2019 Vikings selections
18. Garrett Bradbury
G, 6-3, 306, North Carolina State
• The reigning Rimington Trophy winner as college football’s top center, Bradbury is the Vikings’ first offensive lineman drafted in the first round since Matt Kalil in 2012. Expectations for him are just as high.
• Bradbury also started at left guard for the Wolfpack, but his NFL prospects soared once he moved to center and anchored N.C. State’s offensive line. He’s considered a highly intelligent and athletic big man, making him a logical fit as the Vikings likely look to move Pat Elflein to guard.
50. Irv Smith, Jr
TE, 6-2, 242, Alabama
• Smith is the son of former Saints tight end Irv Smith Sr., who was New Orleans’ 1993 first-round pick, and the nephew of former NFLer Ed Smith.
• The 20-year-old set the Crimson Tide’s single-season record for tight ends with seven touchdowns in 2018.
• A native of New Orleans, he played three years at Alabama, winning a national title following the 2017 season.
• He was second -team all-SEC last season, when he had 44 receptions for 710 yards.
102. Alexander Mattison
RB, 5-11, 221, Boise State
• Ran a 4.67 40-yard dash at the NFL combine and projects as a power runner to complement starter Dalvin Cook.
• Had 1,415 rushing yards and 17 touchdowns in 13 games as a junior in 2018.
• Played regularly as a true freshman in 2016, and had 1,086 yards as a sophomore.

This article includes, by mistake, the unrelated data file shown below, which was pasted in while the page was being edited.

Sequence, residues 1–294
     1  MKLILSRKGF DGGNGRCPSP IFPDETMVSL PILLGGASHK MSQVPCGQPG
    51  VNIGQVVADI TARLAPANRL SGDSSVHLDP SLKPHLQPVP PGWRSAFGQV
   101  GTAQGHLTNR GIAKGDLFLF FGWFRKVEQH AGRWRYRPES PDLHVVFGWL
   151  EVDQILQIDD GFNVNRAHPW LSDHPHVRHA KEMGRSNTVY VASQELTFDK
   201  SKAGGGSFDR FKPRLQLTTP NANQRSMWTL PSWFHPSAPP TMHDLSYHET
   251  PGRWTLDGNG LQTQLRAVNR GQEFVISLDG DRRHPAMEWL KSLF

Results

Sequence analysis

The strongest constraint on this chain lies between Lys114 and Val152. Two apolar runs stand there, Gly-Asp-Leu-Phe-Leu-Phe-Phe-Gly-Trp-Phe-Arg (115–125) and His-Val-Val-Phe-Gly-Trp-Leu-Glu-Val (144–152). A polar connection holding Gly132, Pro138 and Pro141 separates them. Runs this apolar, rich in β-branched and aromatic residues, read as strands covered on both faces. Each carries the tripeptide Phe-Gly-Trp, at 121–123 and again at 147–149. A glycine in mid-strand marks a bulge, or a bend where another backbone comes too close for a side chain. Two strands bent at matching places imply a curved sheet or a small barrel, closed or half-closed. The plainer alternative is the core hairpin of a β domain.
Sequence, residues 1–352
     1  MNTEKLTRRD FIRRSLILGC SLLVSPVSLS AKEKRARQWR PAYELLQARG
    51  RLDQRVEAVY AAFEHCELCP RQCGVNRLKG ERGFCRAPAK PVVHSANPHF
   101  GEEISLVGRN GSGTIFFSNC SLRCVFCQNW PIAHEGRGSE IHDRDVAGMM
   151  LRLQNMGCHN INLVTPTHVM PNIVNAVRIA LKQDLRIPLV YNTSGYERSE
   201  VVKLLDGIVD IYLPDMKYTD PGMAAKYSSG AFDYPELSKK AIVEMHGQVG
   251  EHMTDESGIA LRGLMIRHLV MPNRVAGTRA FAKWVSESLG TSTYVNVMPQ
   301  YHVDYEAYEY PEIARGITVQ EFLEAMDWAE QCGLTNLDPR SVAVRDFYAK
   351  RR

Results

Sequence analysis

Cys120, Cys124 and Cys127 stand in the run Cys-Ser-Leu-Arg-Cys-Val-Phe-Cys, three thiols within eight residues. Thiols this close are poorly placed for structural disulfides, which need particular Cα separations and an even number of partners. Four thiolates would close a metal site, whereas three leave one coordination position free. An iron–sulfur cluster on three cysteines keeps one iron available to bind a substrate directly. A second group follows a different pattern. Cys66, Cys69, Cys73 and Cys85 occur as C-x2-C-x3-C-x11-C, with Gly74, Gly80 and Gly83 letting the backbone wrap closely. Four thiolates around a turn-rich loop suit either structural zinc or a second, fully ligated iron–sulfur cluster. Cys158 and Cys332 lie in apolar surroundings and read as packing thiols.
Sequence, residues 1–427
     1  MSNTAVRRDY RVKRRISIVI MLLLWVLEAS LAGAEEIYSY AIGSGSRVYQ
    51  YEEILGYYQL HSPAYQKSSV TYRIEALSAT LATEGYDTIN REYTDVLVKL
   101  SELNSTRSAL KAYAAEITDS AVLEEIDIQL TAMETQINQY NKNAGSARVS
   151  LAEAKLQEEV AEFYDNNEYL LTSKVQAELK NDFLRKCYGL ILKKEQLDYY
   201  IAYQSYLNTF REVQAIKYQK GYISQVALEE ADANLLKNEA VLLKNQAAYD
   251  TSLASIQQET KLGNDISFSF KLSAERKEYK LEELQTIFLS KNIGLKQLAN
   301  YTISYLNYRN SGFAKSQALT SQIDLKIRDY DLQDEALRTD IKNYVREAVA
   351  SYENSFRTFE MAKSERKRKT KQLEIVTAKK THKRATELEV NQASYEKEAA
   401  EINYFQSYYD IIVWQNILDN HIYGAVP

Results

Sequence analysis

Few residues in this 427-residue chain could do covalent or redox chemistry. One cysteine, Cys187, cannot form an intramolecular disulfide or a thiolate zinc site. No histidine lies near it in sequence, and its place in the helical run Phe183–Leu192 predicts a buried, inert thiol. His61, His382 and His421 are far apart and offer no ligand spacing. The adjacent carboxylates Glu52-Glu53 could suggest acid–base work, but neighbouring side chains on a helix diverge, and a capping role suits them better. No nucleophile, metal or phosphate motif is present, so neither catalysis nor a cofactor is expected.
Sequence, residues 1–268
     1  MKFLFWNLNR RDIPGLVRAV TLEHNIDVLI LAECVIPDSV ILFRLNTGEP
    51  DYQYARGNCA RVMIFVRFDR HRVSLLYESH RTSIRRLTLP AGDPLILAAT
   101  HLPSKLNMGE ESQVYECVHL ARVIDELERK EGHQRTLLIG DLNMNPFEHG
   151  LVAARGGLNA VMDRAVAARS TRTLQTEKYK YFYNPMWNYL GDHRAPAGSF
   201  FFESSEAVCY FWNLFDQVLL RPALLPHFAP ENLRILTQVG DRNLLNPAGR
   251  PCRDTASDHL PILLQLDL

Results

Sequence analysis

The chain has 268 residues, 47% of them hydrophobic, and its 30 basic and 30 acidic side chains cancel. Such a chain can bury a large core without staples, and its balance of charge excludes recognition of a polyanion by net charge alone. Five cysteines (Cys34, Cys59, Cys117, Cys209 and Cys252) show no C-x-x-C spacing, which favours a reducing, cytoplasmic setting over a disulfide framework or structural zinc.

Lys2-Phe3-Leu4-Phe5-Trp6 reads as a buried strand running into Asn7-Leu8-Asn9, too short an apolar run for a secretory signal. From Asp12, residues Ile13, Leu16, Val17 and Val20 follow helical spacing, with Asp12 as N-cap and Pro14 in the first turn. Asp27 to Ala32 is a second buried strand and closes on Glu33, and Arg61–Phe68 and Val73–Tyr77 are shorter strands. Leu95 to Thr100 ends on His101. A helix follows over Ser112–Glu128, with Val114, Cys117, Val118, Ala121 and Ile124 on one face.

• A native of San Bernardino, Calif., where he was an outstanding wrestler in high school.
114. Dru Samia
OG, 6-5, 305, Oklahoma
Having blocked for consecutive Heisman-winning quarterbacks Baker Mayfield and Kyler Murray, Samia (6-5, 305 pounds) knows how to protect a team’s top asset. So the Vikings made him the second offensive lineman drafted within Minnesota’s first four picks.
• Samia comes from the Sooners’ zone-heavy blocking schemes demanding athleticism, so he should fit the Vikings’ new system. Samia said he expects to play guard, where he didn’t allow a sack in 14 starts last fall.
162. Cameron Smith
ILB, 6-2, 238, USC
Smith, a former Trojans team captain and leading tackler, joins the Vikings as the latest midround pick at linebacker. The four-year USC starter at inside linebacker brings a steady track record. He is just the third Trojan with a 100-plus tackle season since 2004, doing so in his first of two seasons as a team captain in 2017. Smith (6-2, 238 pounds) wasn’t the most athletic prospect, but his production and leadership are noteworthy. Smith will compete on special teams and at backup linebacker, where Kentrell Brothers enters his contract year.
190. Armon Watts
DT, 6-5, 300, Arkansas
Watts went from benchwarmer to one-year star at Arkansas, where he finished his redshirt senior season with 8 ½ tackles for loss, seven sacks and three forced fumbles. Watts (6-5, 300 pounds) might be the kind of project defensive line coach Andre Patterson can develop into a difference-maker. He’s tall for a defensive tackle but has the strength to hold his own. Watts could see reps at both defensive tackle spots for the Vikings.
191. Marcus Epps
S, 6-0, 191, Wyoming